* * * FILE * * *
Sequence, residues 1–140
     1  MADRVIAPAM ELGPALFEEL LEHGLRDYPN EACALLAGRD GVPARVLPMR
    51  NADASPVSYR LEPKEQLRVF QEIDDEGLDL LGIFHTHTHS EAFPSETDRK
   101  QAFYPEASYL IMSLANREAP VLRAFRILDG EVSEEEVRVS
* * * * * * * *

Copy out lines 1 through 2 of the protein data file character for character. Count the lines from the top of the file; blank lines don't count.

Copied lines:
Sequence, residues 1–140
     1  MADRVIAPAM ELGPALFEEL LEHGLRDYPN EACALLAGRD GVPARVLPMR